The pain of trapped wind
After my c-section, my stomach was literally undulating as the bubbles of air passed through my system; it felt as if my baby was still inside moving about! Apparently it’s caused by air entering your body during surgery and unfortunately it’s not the kind of pain that goes away with painkillers — the air just needs to work its way out. I’d advise stocking up on peppermint oil and taking it to hospital with you to encourage the wind to pass…and do let it pass — holding it in will make things worse, so parp with pride!
You’ll still bleed down below
Even though lots of lochia will have escaped during surgery, you’ll still experience postpartum bleeding, so definitely pack some maternity pads and expect to bleed for at least a week. And don’t be scared if you experience a bit of a gush when you first stand up after surgery — it’s simply gravity doing what it does after you’ve been lying down for a while.
They bring a whole new meaning to “big pants”
Everyone advises you to buy big granny pants to wear after the surgery, but going one or two sizes up simply doesn’t cut it, especially while you’re still in hospital. Go at least three or four sizes up to accommodate your wound and swollen belly, or do what I did and buy the largest disposable incontinence pants you can find which are stretchy yet soft around your tender stomach and perfect for hospital and those first days back home. These also have the added bonus of built-in absorbency so you don’t have to bother with separate pads for postpartum bleeding.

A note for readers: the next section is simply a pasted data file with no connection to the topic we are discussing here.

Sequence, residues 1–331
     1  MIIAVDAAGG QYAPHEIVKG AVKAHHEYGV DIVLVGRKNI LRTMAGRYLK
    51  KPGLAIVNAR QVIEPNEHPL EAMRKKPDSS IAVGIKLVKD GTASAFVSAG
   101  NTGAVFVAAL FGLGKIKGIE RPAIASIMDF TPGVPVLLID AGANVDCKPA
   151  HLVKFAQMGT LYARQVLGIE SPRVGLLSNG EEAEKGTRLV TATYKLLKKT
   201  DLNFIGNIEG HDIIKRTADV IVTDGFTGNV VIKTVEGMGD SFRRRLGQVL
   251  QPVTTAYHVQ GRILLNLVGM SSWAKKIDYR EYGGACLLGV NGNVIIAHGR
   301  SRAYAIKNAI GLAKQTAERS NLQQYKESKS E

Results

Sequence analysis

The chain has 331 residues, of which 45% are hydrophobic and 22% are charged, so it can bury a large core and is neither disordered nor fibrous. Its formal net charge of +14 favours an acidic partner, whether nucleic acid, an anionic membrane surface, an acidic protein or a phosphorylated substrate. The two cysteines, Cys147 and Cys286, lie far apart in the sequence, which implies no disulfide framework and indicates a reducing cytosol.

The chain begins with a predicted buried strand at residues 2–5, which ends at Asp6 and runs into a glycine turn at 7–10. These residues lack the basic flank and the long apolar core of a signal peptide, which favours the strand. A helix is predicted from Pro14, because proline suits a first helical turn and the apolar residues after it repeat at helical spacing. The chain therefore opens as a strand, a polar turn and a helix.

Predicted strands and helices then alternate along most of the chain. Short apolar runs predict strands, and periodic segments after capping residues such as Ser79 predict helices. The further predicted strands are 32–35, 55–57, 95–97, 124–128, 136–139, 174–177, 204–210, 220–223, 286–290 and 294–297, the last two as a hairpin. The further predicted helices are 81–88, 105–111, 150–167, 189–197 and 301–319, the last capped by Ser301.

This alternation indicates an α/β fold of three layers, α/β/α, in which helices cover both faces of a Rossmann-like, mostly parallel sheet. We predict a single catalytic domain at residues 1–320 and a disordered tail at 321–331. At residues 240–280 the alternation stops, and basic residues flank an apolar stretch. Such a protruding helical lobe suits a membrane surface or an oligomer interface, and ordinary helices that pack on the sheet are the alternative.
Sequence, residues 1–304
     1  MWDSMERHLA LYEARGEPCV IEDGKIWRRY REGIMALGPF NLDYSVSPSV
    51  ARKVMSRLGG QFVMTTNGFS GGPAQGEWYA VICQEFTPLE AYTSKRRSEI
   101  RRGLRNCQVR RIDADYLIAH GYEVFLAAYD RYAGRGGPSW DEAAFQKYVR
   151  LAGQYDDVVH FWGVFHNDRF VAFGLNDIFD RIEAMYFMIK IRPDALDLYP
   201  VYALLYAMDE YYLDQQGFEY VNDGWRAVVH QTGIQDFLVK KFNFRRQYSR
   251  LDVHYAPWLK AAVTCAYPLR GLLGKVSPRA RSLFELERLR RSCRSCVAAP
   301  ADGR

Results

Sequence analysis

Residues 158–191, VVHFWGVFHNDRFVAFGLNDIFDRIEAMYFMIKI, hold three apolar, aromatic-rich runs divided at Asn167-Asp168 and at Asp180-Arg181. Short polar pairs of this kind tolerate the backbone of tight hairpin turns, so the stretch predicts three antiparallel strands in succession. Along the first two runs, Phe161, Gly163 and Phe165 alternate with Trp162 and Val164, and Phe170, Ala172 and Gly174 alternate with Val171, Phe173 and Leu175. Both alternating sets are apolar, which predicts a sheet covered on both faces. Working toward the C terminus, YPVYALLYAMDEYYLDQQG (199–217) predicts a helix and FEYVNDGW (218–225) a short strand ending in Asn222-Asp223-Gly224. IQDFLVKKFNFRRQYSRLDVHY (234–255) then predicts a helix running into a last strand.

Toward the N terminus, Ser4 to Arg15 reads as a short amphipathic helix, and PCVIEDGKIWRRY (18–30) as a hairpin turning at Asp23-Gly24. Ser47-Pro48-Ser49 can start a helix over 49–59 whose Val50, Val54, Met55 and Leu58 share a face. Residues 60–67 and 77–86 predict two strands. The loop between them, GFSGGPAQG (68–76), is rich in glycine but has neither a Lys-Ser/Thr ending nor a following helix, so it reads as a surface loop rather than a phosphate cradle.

People recover at different rates
I got incredibly frustrated with myself the day after surgery as I was unable to stand up without my blood pressure plummeting. Seeing other women on the postnatal ward up and about before me — even though they’d had surgery after me — was very demoralising, but eventually I understood that my body simply wasn’t ready and it needed more time to reset itself. After an extra night in bed with the catheter still in place I was able to finally walk about the next morning, and I was home that evening.
You’ll hear it a lot, but a c-section is major abdominal surgery. You’ll need help at home and you’ll need pain relief — make sure you stock up on paracetamol and ibuprofen for when you get home as the hospital won’t provide this. I also took arnica tablets following the c-section, a homeopathic remedy which is supposed to aid healing. I have no idea if these made a difference but I had no issues with my wound and it healed quickly.